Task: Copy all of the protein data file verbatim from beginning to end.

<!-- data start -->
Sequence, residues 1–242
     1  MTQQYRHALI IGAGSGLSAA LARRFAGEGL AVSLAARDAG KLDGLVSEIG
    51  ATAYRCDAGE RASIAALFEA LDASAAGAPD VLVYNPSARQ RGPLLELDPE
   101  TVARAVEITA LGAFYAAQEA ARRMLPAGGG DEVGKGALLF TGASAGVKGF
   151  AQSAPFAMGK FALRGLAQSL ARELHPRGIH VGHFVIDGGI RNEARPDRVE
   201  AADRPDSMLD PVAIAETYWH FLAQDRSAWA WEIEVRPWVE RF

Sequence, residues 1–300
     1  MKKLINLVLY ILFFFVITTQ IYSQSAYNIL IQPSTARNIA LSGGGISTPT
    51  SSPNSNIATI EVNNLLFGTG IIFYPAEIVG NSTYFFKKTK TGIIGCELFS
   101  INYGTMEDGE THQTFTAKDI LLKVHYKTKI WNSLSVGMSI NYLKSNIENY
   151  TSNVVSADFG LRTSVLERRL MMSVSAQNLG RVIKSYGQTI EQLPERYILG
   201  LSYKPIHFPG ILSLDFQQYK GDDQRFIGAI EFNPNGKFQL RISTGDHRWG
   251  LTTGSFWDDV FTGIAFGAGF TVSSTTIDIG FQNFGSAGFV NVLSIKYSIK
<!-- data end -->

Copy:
Sequence, residues 1–242
     1  MTQQYRHALI IGAGSGLSAA LARRFAGEGL AVSLAARDAG KLDGLVSEIG
    51  ATAYRCDAGE RASIAALFEA LDASAAGAPD VLVYNPSARQ RGPLLELDPE
   101  TVARAVEITA LGAFYAAQEA ARRMLPAGGG DEVGKGALLF TGASAGVKGF
   151  AQSAPFAMGK FALRGLAQSL ARELHPRGIH VGHFVIDGGI RNEARPDRVE
   201  AADRPDSMLD PVAIAETYWH FLAQDRSAWA WEIEVRPWVE RF

Sequence, residues 1–300
     1  MKKLINLVLY ILFFFVITTQ IYSQSAYNIL IQPSTARNIA LSGGGISTPT
    51  SSPNSNIATI EVNNLLFGTG IIFYPAEIVG NSTYFFKKTK TGIIGCELFS
   101  INYGTMEDGE THQTFTAKDI LLKVHYKTKI WNSLSVGMSI NYLKSNIENY
   151  TSNVVSADFG LRTSVLERRL MMSVSAQNLG RVIKSYGQTI EQLPERYILG
   201  LSYKPIHFPG ILSLDFQQYK GDDQRFIGAI EFNPNGKFQL RISTGDHRWG
   251  LTTGSFWDDV FTGIAFGAGF TVSSTTIDIG FQNFGSAGFV NVLSIKYSIK